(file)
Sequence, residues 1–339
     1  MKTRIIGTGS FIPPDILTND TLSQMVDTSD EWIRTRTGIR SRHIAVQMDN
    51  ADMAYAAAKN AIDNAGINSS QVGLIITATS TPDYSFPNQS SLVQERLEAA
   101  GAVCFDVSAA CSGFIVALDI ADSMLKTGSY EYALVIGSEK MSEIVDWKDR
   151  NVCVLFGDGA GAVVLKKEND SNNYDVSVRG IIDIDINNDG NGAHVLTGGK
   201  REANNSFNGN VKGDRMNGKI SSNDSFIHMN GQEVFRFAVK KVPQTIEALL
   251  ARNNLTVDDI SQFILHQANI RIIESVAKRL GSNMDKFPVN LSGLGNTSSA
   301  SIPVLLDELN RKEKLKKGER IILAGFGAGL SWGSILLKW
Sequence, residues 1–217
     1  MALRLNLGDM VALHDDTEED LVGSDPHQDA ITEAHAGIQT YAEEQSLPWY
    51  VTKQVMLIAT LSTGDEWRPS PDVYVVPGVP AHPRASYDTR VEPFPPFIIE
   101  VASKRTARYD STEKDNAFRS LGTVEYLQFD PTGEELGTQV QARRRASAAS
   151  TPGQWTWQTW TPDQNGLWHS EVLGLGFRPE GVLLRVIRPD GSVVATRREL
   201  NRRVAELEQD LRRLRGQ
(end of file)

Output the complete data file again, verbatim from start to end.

Sequence, residues 1–339
     1  MKTRIIGTGS FIPPDILTND TLSQMVDTSD EWIRTRTGIR SRHIAVQMDN
    51  ADMAYAAAKN AIDNAGINSS QVGLIITATS TPDYSFPNQS SLVQERLEAA
   101  GAVCFDVSAA CSGFIVALDI ADSMLKTGSY EYALVIGSEK MSEIVDWKDR
   151  NVCVLFGDGA GAVVLKKEND SNNYDVSVRG IIDIDINNDG NGAHVLTGGK
   201  REANNSFNGN VKGDRMNGKI SSNDSFIHMN GQEVFRFAVK KVPQTIEALL
   251  ARNNLTVDDI SQFILHQANI RIIESVAKRL GSNMDKFPVN LSGLGNTSSA
   301  SIPVLLDELN RKEKLKKGER IILAGFGAGL SWGSILLKW
Sequence, residues 1–217
     1  MALRLNLGDM VALHDDTEED LVGSDPHQDA ITEAHAGIQT YAEEQSLPWY
    51  VTKQVMLIAT LSTGDEWRPS PDVYVVPGVP AHPRASYDTR VEPFPPFIIE
   101  VASKRTARYD STEKDNAFRS LGTVEYLQFD PTGEELGTQV QARRRASAAS
   151  TPGQWTWQTW TPDQNGLWHS EVLGLGFRPE GVLLRVIRPD GSVVATRREL
   201  NRRVAELEQD LRRLRGQ